April 24, 2024
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April 24, 2024
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How to Have “Happy Accidents” – On Purpose (Part 3)

The following checklist offers some practical applications of financial principles that will make you well-positioned to respond to unforeseen future events.

Cash Reserves

Safe, liquid cash doesn’t get feature articles in financial publications, and no one eagerly awaits quarterly performance reports on savings accounts or life insurance cash values. But for those who want to be ready for “happy accidents,” nothing has all-purpose financial utility like cash reserves.

In the happy accident paradigm, cash reserves serve two purposes: (1) They are a buffer against negative financial events, like a health issue or job loss; (2) Having cash reserves means other assets will not have to be liquidated, and long-term plans already in place can continue. Cash reserves also make it possible to “show up” for those unforeseen opportunities, such as bidding on distressed assets at auction, making a down payment on a property, or paying the tuition for a new license or professional designation.

In hindsight, some might say “Well, I would have been better off putting that money in the stock market instead of earning a paltry interest rate just to have the cash available.” True, but that’s a backward-looking perspective. A healthy cash reserve prepares you to enjoy happy accidents. And the return from just one great opportunity can make all those hindsight discussions irrelevant.

Personalized Benefits Plan

Have you ever heard someone say, “I’d like to make a change, but I can’t afford to give up the benefits?” This comment might apply to group benefits available through an employer, particularly health insurance. Group benefits are typically affordable, easy to acquire, and easy to pay for. Unfortunately, most of these benefits are not portable. If you terminate employment, the benefits also terminate.

If you are looking to increase your income and advance your career, you don’t want your opportunities restricted because of the lack of a personally-owned, portable benefits package. At a minimum, this means individual life insurance and disability income replacement policies and, perhaps, professional liability insurance as well. Since individual policies often entail more rigorous underwriting, the prudent move is to obtain coverage while you are insurable instead of waiting until an opportunity—like self-employment—makes it a necessity.

Balanced Long-Term Wealth Accumulation

The impact of new tax rules on investor behavior will not be fully evident for a while, but being prepared for possible happy accidents requires thoughtful consideration of allocations to qualified retirement accounts. Qualified accounts have measurable up-front tax advantages, but also impose restrictions and tax penalties on early distributions. In contrast, non-qualified accounts have greater liquidity, often accompanied by ongoing “carry costs” of dividends and/or capital gains. How do you determine your appropriate allocations to these different accounts?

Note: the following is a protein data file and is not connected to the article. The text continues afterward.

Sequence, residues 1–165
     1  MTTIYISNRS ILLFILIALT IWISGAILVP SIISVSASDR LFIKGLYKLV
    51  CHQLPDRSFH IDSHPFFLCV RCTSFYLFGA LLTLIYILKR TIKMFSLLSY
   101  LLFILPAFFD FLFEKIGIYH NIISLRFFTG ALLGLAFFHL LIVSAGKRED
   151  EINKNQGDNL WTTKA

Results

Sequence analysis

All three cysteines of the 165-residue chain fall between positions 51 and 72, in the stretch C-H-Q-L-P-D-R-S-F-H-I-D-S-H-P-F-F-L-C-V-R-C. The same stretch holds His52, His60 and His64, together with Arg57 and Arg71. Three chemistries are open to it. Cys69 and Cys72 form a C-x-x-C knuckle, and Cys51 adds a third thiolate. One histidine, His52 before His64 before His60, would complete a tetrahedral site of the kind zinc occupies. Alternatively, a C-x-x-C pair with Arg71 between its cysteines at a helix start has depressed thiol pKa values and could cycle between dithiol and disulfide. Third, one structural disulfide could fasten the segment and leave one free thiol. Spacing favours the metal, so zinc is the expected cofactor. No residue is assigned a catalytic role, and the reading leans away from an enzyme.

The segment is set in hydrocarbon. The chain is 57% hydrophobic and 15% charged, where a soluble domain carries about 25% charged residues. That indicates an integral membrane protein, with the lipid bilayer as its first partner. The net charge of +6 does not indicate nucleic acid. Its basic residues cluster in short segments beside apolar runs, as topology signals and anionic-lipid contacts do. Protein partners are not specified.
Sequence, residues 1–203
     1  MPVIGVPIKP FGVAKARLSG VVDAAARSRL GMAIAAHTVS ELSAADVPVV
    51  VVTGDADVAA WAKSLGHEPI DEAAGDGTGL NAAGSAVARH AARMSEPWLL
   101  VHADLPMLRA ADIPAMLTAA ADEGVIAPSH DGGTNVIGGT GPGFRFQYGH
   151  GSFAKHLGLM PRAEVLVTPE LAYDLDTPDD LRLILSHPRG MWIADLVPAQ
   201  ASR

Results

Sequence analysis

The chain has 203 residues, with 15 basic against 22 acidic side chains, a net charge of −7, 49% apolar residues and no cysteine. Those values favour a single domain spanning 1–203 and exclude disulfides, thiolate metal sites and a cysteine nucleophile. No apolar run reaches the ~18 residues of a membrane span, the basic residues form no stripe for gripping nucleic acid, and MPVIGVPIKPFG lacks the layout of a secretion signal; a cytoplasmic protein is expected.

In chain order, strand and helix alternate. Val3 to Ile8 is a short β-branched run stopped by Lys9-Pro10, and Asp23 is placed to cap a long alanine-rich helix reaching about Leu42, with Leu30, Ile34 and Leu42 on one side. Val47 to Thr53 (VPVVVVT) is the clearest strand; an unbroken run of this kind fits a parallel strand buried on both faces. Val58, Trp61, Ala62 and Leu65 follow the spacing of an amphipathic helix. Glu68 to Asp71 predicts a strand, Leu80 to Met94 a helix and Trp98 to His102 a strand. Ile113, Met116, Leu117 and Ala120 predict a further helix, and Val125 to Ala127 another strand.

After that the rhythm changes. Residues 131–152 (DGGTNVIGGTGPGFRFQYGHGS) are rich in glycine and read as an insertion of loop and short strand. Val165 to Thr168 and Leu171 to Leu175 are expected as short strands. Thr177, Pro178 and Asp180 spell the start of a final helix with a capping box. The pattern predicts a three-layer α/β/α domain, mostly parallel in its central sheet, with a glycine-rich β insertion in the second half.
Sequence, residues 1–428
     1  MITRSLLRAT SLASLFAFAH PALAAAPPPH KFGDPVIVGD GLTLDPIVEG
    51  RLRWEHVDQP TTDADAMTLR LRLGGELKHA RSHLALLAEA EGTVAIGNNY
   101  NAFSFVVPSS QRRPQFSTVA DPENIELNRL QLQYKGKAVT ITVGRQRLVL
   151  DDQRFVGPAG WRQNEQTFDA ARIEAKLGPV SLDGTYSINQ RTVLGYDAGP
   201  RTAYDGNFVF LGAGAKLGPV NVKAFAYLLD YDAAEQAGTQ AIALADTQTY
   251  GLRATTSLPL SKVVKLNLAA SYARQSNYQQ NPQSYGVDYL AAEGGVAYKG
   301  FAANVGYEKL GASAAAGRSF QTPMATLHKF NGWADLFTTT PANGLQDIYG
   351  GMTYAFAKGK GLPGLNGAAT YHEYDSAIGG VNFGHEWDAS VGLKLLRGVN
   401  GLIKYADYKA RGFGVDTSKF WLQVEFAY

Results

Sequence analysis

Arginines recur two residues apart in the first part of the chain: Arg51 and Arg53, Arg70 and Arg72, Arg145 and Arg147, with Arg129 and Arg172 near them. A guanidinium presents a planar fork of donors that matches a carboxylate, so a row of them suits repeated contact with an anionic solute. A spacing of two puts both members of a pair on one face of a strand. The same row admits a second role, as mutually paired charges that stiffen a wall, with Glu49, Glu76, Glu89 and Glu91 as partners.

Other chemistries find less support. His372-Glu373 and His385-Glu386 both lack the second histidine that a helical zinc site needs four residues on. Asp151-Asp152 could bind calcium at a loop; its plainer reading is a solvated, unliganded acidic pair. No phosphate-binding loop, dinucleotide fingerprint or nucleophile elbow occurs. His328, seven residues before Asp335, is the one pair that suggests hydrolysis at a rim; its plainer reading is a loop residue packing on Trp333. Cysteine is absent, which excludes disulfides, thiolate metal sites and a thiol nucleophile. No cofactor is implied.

Your answer should reflect an appreciation for financial flexibility. If a business opportunity requires a sizable down payment, where will you get the funds? Preparing for happy accidents challenges the frequently-heard recommendation to “maximize retirement account contributions,” because an over-emphasis on retirement accounts may limit other options.

Manageable Debt

Borrowing is an exchange of the future for the present; in order to have something today, you are committing a portion of future income. Often, these transactions make sense. But even if you can afford the ongoing payments, too much debt can take away from future opportunities. Paying down debt may not always increase wealth accumulation, but it does buy back your ability to take advantage of the future.

For many individuals, their biggest debt issue is their mortgage. As the residential real estate market has tanked, many homeowners are underwater; they owe more than the current market values of their homes. This situation makes it difficult for homeowners to relocate. A job change could force some tough no-win decisions, like carrying the cost of two homes, becoming a landlord, petitioning for a short sale, or, in extreme circumstances, walking away from the property and absorbing the fallout of a ruined credit score.

There are no hard-and-fast numbers to attach to this checklist. Some ratios or percentages may serve as guidelines, but each individual’s situation is unique. However, empirical evidence suggests most Americans, even high earners, are under-funded, under-insured, and carry too much debt. These weaknesses may not be financially crippling, but they certainly preclude many from exploring career and financial opportunities beyond their current employment and retirement plans.

Elozor Preil is Managing Director at Wealth Advisory Group and Registered Representative and Financial Advisor of Park Avenue Securities LLC (PAS). He can be reached at [email protected]. See www.wagroupllc.com/epreil for full disclosures and disclaimers. Guardian, its subsidiaries, agents or employees do not give tax or legal advice. You should consult your tax or legal advisor regarding your individual situation.

By Elozor M. Preil

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